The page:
Speaking of Hughes, he takes Wang’s part in this parallel story, since he pitches the second elimination game. It’s tough to make a comparison, because it’s impossible to eliminate hindsight from the equation. Did I feel confident in Wang coming back on three days’ rest to pitch Game 4 in that series? I believe I did at the time. And I believe that the confidence didn’t so much wane in the early goings as it did completely die. With Hughes the situation is a bit different. He’s not coming back on short rest because the Yankees have no one else; rather, he’s coming back on an extra day’s rest.

Still, I’m not convinced of the parallels between the 2007 Yankees and the 2010 Yankees. As I wrote yesterday, I see more parallels between the 2007 Red Sox and the 2010 Yankees. The 07 Sox, you’ll remember, were on top of the division all season. On September 3 they were 83-55, seven games up on the Yanks. They ended 96-66, just two games up on the Yanks after letting them get to within a game and a half. They then swept Anaheim in the ALDS before going down 3-1, in the same manner as the 2010 Yanks, in the ALCS. They brought in their ace, Josh Beckett, for Game 5, and ended up winning the next three games.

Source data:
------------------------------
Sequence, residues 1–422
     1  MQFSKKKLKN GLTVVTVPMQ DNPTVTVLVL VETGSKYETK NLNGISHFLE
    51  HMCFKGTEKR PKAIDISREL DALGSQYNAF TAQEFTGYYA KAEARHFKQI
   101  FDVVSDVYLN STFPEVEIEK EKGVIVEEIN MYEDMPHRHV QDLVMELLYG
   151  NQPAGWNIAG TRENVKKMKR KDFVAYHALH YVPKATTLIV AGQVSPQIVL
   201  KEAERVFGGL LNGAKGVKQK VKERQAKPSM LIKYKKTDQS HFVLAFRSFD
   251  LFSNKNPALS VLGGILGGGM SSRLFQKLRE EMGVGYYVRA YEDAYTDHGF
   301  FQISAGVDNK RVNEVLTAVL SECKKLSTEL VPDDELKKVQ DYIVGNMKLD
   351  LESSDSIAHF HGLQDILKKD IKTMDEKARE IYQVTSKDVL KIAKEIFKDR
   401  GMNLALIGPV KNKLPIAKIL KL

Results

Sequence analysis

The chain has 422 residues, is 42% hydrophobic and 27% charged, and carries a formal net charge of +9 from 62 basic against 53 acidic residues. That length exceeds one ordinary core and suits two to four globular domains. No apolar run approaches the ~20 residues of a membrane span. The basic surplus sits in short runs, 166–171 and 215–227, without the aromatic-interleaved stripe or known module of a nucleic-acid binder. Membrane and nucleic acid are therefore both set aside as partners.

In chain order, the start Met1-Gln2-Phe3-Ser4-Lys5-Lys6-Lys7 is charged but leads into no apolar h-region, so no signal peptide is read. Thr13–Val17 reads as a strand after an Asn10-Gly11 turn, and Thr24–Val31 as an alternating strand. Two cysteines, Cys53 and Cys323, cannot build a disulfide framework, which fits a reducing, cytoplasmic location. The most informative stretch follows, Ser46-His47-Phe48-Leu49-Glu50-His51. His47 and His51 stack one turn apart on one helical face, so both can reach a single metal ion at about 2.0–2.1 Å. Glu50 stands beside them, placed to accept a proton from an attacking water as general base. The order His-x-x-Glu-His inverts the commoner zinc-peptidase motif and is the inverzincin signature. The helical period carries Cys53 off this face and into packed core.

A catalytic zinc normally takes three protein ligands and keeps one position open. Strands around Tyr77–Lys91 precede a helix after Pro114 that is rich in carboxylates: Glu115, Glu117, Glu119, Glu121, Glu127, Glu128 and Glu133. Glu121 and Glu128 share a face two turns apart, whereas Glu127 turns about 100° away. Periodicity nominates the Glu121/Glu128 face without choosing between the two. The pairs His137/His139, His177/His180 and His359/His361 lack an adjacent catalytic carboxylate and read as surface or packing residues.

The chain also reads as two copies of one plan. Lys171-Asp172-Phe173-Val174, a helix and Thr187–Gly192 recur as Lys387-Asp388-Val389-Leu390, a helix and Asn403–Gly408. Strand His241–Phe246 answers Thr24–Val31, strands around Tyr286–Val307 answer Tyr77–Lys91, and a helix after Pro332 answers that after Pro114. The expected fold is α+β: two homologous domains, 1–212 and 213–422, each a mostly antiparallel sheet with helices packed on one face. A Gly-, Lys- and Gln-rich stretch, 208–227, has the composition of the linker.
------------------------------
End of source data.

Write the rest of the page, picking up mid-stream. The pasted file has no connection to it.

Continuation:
When making comparisons, it’s easy to look to the team’s own past. But the 2010 Yankees are as different from the 2007 Yankees as they are from the 2007 Red Sox. There might be some familiar names, but their games have changed since then. Given that the 2010 Yankees romped through the first round, where the 2007 Yankees faltered, I’m more drawn to the 2007 Sox comparison. It doesn’t hurt that the ending was a bit happier.